To administer the survey and analyze the results, The Chronicle worked with ModernThink LLC, a strategic human capital consulting firm that has conducted numerous “Best Places to Work” programs, surveying hundreds of thousands of employees nationwide. “It’s easier to be a great workplace during good times, but it’s when times are tough that the commitment to workplace quality really gets tested,” said Richard K. Boyer, principal and managing partner of ModernThink LLC. “Those institutions that measure up during times of economic hardship reinforce their already strong cultures and put even more distance between them and their peer institutions for whom they compete for talent.”


About Eastern Connecticut State University

Eastern Connecticut State University is the state of Connecticut’s public liberal arts university, serving more than 5,300 students annually at its Willimantic campus and satellite locations. In addition to attracting students from 163 of Connecticut’s 169 towns, Eastern also draws students from 23 other states and 20 other countries. A residential campus offering 39 majors and 64 minors, Eastern offers students a strong liberal art foundation grounded in an array of applied learning opportunities. Ranked the 26th top public university in the North Region by U.S. News and World Report in its 2017 Best College ratings, Eastern has also been awarded “Green Campus” status by the U.S. Green Building Council seven years in a row. For more information, visit www.easternct.edu.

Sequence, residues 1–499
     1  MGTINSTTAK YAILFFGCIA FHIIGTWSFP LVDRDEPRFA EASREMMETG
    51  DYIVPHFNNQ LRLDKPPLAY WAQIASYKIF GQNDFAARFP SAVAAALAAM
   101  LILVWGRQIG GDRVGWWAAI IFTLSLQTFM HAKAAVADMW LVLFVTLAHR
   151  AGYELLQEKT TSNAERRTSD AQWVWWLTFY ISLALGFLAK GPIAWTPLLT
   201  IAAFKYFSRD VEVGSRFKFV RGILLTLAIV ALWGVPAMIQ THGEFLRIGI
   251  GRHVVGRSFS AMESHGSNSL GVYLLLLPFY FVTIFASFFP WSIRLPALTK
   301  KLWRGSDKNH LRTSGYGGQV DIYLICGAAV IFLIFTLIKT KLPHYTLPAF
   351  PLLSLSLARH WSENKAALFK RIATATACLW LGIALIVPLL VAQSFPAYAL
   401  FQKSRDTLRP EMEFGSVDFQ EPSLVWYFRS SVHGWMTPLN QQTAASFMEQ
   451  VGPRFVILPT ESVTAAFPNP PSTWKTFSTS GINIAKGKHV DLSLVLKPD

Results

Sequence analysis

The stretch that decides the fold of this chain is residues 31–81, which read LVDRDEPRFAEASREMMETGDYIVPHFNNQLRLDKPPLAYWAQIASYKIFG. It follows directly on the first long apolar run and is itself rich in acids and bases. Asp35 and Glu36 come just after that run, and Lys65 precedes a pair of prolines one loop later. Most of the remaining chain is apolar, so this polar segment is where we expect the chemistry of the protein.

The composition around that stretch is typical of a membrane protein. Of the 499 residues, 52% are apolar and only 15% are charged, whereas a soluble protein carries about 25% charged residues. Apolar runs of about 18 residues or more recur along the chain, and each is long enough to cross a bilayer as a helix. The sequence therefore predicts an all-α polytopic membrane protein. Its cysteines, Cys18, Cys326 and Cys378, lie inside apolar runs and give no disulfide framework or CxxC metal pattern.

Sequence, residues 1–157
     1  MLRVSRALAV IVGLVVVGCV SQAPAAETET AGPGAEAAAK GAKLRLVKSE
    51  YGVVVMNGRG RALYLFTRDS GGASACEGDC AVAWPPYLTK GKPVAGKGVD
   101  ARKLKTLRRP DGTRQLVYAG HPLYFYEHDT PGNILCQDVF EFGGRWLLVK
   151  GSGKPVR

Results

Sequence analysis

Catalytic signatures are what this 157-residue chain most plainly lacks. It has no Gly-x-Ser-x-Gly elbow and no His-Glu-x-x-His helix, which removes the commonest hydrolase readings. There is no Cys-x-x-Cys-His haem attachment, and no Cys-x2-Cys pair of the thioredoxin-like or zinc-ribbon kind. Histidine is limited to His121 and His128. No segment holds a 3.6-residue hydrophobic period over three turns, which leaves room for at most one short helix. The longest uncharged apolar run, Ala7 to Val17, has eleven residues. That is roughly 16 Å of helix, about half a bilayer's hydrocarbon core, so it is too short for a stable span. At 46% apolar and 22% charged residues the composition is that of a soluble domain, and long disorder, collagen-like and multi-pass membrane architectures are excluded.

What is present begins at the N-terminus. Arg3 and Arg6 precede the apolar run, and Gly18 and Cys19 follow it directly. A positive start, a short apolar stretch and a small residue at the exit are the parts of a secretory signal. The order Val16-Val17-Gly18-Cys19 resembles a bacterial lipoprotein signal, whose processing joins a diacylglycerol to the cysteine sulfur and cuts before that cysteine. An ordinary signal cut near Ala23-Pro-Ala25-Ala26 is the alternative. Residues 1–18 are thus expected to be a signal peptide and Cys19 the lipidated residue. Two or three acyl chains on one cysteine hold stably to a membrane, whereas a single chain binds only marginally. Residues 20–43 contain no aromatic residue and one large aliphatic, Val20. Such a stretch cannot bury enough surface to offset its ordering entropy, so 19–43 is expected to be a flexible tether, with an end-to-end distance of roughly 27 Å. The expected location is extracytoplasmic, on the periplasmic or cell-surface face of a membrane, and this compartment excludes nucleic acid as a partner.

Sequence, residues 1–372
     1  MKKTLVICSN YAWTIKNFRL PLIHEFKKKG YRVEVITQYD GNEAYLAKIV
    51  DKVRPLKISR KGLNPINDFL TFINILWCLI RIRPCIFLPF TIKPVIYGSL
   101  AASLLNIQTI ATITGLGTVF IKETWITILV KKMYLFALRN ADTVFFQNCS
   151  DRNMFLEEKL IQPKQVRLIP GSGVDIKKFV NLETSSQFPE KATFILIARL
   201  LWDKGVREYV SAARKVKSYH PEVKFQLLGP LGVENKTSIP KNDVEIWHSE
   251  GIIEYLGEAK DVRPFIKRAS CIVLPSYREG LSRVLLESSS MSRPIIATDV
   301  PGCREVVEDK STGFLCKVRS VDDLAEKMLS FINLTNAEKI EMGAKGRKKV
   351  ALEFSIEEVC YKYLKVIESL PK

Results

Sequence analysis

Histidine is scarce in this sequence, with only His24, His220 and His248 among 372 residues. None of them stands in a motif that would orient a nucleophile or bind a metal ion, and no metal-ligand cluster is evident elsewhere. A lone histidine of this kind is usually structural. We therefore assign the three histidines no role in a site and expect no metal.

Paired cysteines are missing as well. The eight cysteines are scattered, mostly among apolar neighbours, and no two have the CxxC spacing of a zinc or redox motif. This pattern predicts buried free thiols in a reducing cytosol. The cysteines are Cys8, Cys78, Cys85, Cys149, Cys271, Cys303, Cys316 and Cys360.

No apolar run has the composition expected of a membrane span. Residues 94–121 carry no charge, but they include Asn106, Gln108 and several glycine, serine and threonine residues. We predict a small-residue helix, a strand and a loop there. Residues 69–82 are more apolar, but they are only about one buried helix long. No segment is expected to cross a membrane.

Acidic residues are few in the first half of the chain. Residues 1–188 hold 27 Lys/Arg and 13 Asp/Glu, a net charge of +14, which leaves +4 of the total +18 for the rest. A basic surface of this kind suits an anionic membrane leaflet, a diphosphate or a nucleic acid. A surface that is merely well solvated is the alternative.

About The Chronicle of Higher Education

The Chronicle of Higher Education is dedicated to serving the higher-education community with insights, understanding, and intellectual engagement. Academic leaders and professionals from around the world trust The Chronicle’s analysis and in-depth exploration to make informed decisions.

About ModernThink LLC

As a research and consulting leader in workplace issues, ModernThink has supported a wide variety of “Best Place to Work” initiatives. Through these programs, the firm has gained substantial survey and industry expertise, including specific insight into higher education. ModernThink knows what it takes to build a great place to work and shares that know-how with its clients. The ModernThink team of organizational development experts is dedicated to helping colleges follow through and capitalize on feedback from employees and benchmark data from peers to drive meaningful change at their institutions. Learn more at http://www.modernthink.com.